- Instruct employees to remain indoors.
- Stay clear of metal objects that can act as conductors for lightning, including umbrellas
- Be aware, “lightning can strike in the same place twice.” It seeks the best conductor to the ground; not always the highest point or object.
- Do not stand under a tree.
- Unplug appliances, electrical items such as computers and turn off air conditioners before the storm nears, never during the storm. Power surges from lightning can cause extensive damage.
- Avoid using telephone; lightning can strike telephone lines.
- Cordless and cellular telephones are safer, but should also be avoided unless needed for an emergency.
- Avoid using motorcycles, golf carts, and bicycles.
- Stay away from glass; severe thunderstorms with lighting can also produce large particles of hail that can break windows.
Tornadoes usually develop from severe thunderstorms. This violently rotating column of air can be unpredictable, cutting a path of destruction in a straight line, or moving erratically back and forth and even reversing direction.
- Remain alert for approaching storms by monitoring a portable radio (maintain extra batteries).
- Seek shelter in a basement area or interior room away from windows and glass. Interior stairways on a lower floor may also provide protection.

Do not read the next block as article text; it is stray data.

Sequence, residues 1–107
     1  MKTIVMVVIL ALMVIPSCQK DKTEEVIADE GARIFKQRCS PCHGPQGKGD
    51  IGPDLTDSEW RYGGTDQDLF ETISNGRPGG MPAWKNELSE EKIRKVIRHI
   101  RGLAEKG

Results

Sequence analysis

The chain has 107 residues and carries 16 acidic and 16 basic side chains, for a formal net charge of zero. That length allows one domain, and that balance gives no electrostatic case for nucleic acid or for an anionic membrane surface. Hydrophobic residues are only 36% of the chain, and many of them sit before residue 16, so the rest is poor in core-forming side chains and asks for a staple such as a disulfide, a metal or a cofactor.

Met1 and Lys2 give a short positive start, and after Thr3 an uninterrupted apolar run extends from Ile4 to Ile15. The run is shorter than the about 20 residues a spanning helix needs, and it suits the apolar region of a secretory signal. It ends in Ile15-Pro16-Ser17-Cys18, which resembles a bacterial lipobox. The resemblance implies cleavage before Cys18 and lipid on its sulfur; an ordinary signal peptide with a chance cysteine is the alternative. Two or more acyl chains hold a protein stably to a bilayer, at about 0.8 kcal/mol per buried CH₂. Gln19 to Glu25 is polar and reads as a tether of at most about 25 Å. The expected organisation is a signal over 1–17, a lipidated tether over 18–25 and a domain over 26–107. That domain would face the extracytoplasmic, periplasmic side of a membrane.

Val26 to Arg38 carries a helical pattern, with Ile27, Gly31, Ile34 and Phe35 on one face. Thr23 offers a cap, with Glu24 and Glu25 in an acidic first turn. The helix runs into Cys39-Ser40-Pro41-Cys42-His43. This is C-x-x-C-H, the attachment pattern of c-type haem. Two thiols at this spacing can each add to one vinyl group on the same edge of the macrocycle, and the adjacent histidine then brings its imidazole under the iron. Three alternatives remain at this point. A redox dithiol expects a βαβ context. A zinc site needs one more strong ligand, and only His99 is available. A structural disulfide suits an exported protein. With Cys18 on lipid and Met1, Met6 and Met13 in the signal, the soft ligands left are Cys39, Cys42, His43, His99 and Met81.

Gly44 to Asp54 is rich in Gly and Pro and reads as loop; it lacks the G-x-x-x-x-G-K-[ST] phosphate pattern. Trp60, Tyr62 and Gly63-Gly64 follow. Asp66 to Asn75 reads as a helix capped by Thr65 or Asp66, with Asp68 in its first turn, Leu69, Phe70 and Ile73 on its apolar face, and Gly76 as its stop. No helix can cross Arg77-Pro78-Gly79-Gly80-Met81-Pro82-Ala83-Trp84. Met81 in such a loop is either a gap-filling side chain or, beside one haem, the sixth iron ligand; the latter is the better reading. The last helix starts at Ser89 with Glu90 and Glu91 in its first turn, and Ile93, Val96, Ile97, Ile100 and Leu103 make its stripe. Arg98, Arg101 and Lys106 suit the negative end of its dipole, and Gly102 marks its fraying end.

- If outside, avoid open areas, look to find a sturdy building to use for cover, avoid standing close to glass or light weight overhangs.
- Since power could be lost, maintain a supply kit of bottles water, snacks, etc.
- If in a vehicle, look to park in a secure garage or where there is shelter. Avoid wide open areas. Exit vehicle for shelter moving to the lowest floor of a sturdy building.
- If caught outside with no shelter, look for a ditch, lie down, and cover your head with your hands.
- Remain alert for broken glass and downed power lines.
Freezing rain, sleet, heavy snow, and ice can be the source of treacherous travel conditions, either driving in a vehicle or walking.
- Follow weather forecasts; prepare for winter storms and extreme cold.
- Stay alert for “black ice.” It may be difficult to detect.
- Dress appropriately with several layers of light clothing as opposed to one layer of heavy clothing. Wear gloves, scarf, boots, and hat to prevent frostbite and hypothermia. Try to avoid breathing in cold air that can affect your lungs
Intense Summer Heat
Intense heat can cause physical problems from “heat cramps,” where you can experience muscle pain to “heat exhaustion,” a mild form of shock from strenuous activity to “heat stroke,” a life-threatening condition where the body’s temperature control system shuts down. Heat stroke can cause brain damage and it can be fatal.
- Stay indoors as much as possible in an air conditioned setting.
- Avoid strenuous activity.
- Drink plenty of fluids even if you are not thirsty to help avoid dehydration.
- Dress in loose fitting clothing that covers as much skin as possible.
- Wear light colored clothing that reflects heat and sunlight.
- Use sunscreen location with a high “Sun Protection Factor” (SPF).
- If body temperature elevates to where victim is showing signs of possible heat stroke, call 911 (EMS) and until their arrival, use cool wet towels, ice packs wrapped in towels or cloth around the victim’s neck and under the arms.